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Palestinian Prisoner Death Prompts Anger - ASHARQ AL-AWSAT English Archive
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JERUSALEM, (AP) – A Palestinian prisoner who was wounded in rioting at an Israeli desert prison died early Tuesday, prompting Palestinian threats of revenge and accusations that the man was abused by Israeli authorities.

The prisoner’s death, along with an Israeli raid in the West Bank that killed two Palestinian militants, raised tensions at a time when the Israeli and Palestinian leaders are trying to move forward with preparations for a U.S.-sponsored peace conference later this year.

The Israeli Prisons Service said the wounded man died overnight at an Israeli hospital, hours after he was hit by a “non-lethal weapon” fired by guards during Monday’s riot at the Ketziot prison. The prison guards’ lives were in danger when they opened fire, it said.

The prisons service did not elaborate on the cause of death and did not identify the dead inmate, saying only that he was 30 years old and had been serving a two-year sentence for harboring a wanted militant.

Ashraf Ajrami, minister of prisoner affairs in the Palestinian government, identified the dead man as Mohammed al-Ashkar, a member of the Islamic Jihad militant group. He said the relatively short sentence suggested his offense must have been minor.

Violence erupted before dawn Monday at Ketziot — where about 2,200 Palestinians are imprisoned for security offenses — when guards began searching prisoners’ bunks for contraband. Ketziot is set up like a military camp, and security prisoners are quartered in tents rather than buildings.

Prisoners torched several tents and attacked guards, injuring 15 of them, the prisons service said. When anti-riot forces moved in to quell the riot, 15 prisoners were injured and four of whom were taken to the hospital, including the man who later died. The other injured prisoners’ lives were not in danger, the prisons service said.

Ajrami said the overnight sweep that sparked the rioting violated an agreement between the prisons service and inmates barring nighttime searches.

“It was intended as an oppressive act,” he said.

Ian Domnitz, a prison service spokesman, said there was no such agreement with the prisoners.

Israel is holding 11,000 Palestinian prisoners for security offenses ranging from membership in militant organizations to planning and carrying out attacks against Israelis.

Their release is a central Palestinian demand and successive Palestinian governments have had a dedicated minister for the prisoner issue.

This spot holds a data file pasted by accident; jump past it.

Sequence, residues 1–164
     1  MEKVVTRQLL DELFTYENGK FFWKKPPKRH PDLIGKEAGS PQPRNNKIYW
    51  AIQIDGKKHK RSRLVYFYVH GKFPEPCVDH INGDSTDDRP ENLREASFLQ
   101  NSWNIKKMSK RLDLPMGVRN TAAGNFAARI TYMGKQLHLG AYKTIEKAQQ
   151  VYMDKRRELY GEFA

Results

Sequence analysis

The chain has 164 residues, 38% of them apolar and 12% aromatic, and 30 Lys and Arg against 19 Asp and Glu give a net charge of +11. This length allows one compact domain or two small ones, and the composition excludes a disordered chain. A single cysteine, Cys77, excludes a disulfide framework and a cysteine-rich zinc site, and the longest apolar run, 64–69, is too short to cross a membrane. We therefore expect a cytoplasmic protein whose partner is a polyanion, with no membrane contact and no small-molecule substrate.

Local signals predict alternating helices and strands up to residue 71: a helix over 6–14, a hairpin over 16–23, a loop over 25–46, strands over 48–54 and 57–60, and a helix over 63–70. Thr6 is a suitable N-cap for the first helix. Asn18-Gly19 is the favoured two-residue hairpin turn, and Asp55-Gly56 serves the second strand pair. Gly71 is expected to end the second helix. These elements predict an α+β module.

In the West Bank town of Bethlehem on Tuesday, about 500 people staged a downtown rally protesting al-Ashkar’s death and calling for the release of all Palestinians held by Israel.

About 200 people joined a similar march in Ramallah, where mothers carried pictures of their imprisoned sons and others held posters of prisoners. “We want the prisoners, not negotiations (with Israel),” the crowd chanted.

In Gaza City, about 300 demonstrators called for the release of prisoners. Nidal Saraffati, father of a 24-year-old man jailed in Israel, said the prisoners are subjected to regular abuses and their plight should unite all Palestinians.

“This is an attack on the family and the prisoners as well,” he said. “We ask all the brothers to leave internal fighting behind. We have one common enemy.”

Mushir al-Masri, a lawmaker with the Hamas militant group, vowed revenge. “The resistance factions will not stand idly by and all options are open to us to face this dangerous policy,” he said.

Both Hamas and Islamic Jihad have killed hundreds of Israelis in suicide bombings, shootings and rocket attacks.

In other violence, Israeli troops killed two Palestinian militants during a fierce gunbattle in the northern West Bank town of Jenin, according to witnesses and army reports. Islamic Jihad said the two dead men were members, and one of them was a top leader in the West Bank.

The army said one soldier was lightly wounded in the exchange of fire, which erupted shortly after it surrounded a home of wanted men. Six people were arrested in the raids, it added.

Asharq Al-Awsat

Asharq Al-Awsat

Asharq Al-Awsat is the world’s premier pan-Arab daily newspaper, printed simultaneously each day on four continents in 14 cities. Launched in London in 1978, Asharq Al-Awsat has established itself as the decisive publication on pan-Arab and international affairs, offering its readers in-depth analysis and exclusive editorials, as well as the most comprehensive coverage of the entire Arab world.

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